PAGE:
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Call for international standards on AI

By JAN YUMUL in Hong Kong | chinadaily.com.cn | Updated: 2023-11-03 19:32

New-age tech offers opportunities but also poses risks, Saudi-hosted cybersecurity forum hears

Majed bin Mohammed Al-Mayzed, governor of Saudi Arabia's National Cybersecurity Authority, address the opening ceremony of the third Global Cybersecurity Forum in Riyadh on Nov 1. PROVIDED TO CHINA DAILY

There is need for greater collaboration among all stakeholders to standardize the use of artificial intelligence (AI), given the rapid technological advancements and the deeper integration of smart devices into daily life, a conference in Riyadh heard on Nov 1.

In an address at the third Global Cybersecurity Forum in Riyadh, which was held under the theme "Charting Shared Priorities in Cyberspace", Majed bin Mohammed Al-Mayzed, governor of Saudi Arabia's National Cybersecurity Authority, said that this year's cybersecurity forum would build upon last year's deep exploration and address the most pressing cyberspace issues, laying the groundwork for collaborative action.

"We are committed to bridging social and developmental divides, making sure no one is left behind and unleashing the potential of cyberspace to ensure that its opportunities are accessible to people all over the world, including our most underserved communities," said Al-Mayzed.

Amin H. Nasser, president and CEO of Saudi state energy giant Aramco, noted at the opening ceremony on Nov 1 that most of the software used today provide real-time access to data "to make better and faster decisions".

"Our collective security requires all collaboration between all stakeholders regionally or globally," said Nasser, also noting that while the world has made great progress in terms of new technologies, it is important to "keep our guard up".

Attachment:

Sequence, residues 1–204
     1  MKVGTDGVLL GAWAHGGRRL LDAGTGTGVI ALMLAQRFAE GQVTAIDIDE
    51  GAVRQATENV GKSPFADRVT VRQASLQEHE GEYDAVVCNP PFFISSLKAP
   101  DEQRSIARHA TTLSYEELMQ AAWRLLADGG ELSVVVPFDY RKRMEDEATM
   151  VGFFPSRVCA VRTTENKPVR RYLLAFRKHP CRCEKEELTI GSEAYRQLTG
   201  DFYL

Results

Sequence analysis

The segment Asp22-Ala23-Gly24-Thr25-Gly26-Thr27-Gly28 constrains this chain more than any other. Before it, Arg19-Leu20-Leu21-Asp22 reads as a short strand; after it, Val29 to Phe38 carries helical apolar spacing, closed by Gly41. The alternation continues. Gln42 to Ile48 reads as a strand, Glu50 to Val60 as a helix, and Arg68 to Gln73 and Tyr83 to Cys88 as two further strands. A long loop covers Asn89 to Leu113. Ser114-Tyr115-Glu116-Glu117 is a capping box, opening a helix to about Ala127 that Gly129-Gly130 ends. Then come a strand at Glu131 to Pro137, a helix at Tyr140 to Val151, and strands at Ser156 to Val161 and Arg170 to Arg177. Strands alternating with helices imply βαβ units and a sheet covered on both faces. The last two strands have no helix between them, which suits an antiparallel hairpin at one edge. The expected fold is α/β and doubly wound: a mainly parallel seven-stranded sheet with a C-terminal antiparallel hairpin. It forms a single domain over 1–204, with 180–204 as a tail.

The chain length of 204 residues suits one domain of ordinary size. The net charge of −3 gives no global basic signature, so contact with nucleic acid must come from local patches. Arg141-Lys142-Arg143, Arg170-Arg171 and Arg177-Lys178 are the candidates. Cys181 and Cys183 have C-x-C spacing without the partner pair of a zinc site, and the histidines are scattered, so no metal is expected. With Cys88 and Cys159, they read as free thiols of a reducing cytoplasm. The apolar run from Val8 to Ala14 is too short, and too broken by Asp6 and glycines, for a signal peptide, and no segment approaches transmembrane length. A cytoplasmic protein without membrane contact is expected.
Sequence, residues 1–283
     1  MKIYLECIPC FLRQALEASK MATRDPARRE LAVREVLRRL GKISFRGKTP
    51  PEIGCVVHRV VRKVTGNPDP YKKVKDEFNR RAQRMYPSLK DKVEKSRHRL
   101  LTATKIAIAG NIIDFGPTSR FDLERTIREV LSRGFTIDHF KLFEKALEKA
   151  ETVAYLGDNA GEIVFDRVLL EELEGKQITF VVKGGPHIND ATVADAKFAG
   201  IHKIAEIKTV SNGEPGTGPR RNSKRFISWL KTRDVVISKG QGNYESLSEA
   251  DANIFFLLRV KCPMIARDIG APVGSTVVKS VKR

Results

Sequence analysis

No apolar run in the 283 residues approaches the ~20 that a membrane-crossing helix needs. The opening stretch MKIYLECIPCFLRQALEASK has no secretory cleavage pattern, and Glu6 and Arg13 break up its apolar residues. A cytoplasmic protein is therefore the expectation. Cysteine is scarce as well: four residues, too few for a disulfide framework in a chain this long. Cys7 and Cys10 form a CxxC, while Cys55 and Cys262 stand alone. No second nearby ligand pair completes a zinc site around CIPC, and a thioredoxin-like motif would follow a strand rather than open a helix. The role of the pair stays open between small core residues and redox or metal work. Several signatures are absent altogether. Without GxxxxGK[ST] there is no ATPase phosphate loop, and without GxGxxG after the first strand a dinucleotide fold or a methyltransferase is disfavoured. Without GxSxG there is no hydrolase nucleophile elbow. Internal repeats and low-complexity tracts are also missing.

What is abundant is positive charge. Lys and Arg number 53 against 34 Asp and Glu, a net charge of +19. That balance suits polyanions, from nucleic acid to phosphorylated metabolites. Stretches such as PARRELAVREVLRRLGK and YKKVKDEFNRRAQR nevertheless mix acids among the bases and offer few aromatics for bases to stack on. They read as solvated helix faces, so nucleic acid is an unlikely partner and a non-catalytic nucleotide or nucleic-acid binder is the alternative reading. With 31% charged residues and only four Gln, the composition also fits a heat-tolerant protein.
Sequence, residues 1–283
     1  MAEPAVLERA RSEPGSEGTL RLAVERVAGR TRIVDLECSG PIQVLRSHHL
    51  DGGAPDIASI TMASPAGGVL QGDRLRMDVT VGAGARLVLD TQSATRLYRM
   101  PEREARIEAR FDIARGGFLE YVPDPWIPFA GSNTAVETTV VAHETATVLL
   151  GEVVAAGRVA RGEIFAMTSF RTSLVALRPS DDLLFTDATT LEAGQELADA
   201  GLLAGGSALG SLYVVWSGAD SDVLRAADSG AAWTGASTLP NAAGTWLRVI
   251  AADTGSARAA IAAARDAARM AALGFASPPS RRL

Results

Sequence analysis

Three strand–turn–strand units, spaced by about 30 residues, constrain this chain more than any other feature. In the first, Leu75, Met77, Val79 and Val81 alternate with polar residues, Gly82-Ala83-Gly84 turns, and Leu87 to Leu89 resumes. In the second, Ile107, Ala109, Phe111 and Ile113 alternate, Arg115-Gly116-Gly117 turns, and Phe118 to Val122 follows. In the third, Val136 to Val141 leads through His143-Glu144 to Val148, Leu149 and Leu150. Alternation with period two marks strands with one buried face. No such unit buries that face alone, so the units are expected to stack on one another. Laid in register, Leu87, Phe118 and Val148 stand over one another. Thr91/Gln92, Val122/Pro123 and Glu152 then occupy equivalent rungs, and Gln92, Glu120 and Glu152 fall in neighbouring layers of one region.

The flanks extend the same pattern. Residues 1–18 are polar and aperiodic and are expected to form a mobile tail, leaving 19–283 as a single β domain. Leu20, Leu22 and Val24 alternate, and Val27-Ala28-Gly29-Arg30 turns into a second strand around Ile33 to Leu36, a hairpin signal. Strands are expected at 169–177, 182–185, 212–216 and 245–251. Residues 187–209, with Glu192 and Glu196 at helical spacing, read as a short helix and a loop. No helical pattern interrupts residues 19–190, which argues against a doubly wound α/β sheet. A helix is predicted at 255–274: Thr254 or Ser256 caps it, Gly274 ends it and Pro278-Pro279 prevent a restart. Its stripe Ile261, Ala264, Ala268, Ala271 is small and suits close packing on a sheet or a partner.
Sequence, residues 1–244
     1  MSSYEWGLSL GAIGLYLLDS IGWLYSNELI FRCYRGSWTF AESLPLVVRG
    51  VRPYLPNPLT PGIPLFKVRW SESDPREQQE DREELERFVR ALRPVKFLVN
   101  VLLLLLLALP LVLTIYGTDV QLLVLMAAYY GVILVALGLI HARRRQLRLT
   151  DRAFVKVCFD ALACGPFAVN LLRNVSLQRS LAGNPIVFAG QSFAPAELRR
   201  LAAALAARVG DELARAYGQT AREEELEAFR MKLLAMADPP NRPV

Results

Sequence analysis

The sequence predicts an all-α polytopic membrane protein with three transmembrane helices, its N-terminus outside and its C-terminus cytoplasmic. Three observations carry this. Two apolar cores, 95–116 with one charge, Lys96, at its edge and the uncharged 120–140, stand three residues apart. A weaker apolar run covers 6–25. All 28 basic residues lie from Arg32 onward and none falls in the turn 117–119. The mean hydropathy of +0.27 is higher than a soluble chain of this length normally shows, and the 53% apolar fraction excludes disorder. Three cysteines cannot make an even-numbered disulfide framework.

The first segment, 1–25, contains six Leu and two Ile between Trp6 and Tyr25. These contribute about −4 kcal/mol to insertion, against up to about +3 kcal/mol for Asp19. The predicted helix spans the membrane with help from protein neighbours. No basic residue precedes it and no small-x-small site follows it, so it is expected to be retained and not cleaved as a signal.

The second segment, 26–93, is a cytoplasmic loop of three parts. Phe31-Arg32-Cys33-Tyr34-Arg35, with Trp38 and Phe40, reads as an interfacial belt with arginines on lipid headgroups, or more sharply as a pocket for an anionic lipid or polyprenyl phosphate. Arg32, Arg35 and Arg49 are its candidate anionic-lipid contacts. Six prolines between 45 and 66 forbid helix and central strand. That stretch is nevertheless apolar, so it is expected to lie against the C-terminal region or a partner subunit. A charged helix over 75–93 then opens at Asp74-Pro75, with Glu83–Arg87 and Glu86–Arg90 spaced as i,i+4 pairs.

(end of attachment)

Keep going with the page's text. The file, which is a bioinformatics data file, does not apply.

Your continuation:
Amin H. Nasser, president and CEO of Saudi state energy giant Aramco, address the Global Cybersecurity Forum in Riyadh on Nov 1. PROVIDED TO CHINA DAILY

"That's why we must carefully assist every current and new technology to identify whether they can be a potential pathway for hackers to breach our system, and address any vulnerabilities before the technology is deployed," said Nasser.

"This approach enables us to harness the powerful potential of new digital innovation while mitigating the risk, which brings me to my next point — the power of AI. It's new, it's exciting and it's game-changing for many industries, including energy," he said.

With generative AI tools now part of everyday life, the economic potential "is truly astounding", Nasser said, adding that the new tools could add between $2.6 trillion and $4.4 trillion annually to the world economy.

But as with all major innovations, it has its own unique risks, he said, noting that some governments and businesses were taking a cautious risk management approach on the use of generative AI.

"As we consider these powerful new tools, it is important that we assess them carefully, as we have (done with) every other technology," the Saudi Aramco CEO said, informing the audience that Saudi Arabia "has already established robust AI control and guidelines to advance AI capabilities in a safe, secure and responsible way".

The world generated 97 zettabytes — or 97 trillion gigabytes — of data last year amid the digitalization trend, and the volume is predicted to reach 175 zettabytes by 2025, Nasser said.

All of this can be a force for good, helping businesses to serve their customers faster and better. "However, the rapid transformation we are witnessing has also made the world more vulnerable with increasing risks of cyberattacks," he said.

"While every industry faces threats, the energy sector, in particular, is an attractive target for those who want to do harm," said Nasser.

The third Global Cybersecurity Forum in Riyadh kicked off on Nov 1 with the theme "Charting Shared Priorities in Cyberspace". PROVIDED TO CHINA DAILY

In a session titled "Securing Tomorrow: Building Resilience Through Education", Yousef Al-Benyan, minister of education of Saudi Arabia, suggested a new approach in the education sector when it comes to having cybersecurity conversations in schools, which he said needed to be broadened beyond security concerns.

"We need to expand the view on cybersecurity to a different approach", instead of looking at it from a compliance perspective, or a system issue, Al-Benyan said.

The minister said it requires a change in management programs, as he pushed for embracing a more sophisticated transformation awareness protocol.

The third Global Cybersecurity Forum, a two-day event, was hosted jointly by Saudi Arabia's National Cybersecurity Authority and the Saudi Information Technology Company (SITE).

An estimated 150 speakers, industry experts, decision-makers and high-level representatives from various sectors, including the government and academia, as well as representatives from over 120 countries, attended the conference, according to the Saudi Press Agency.


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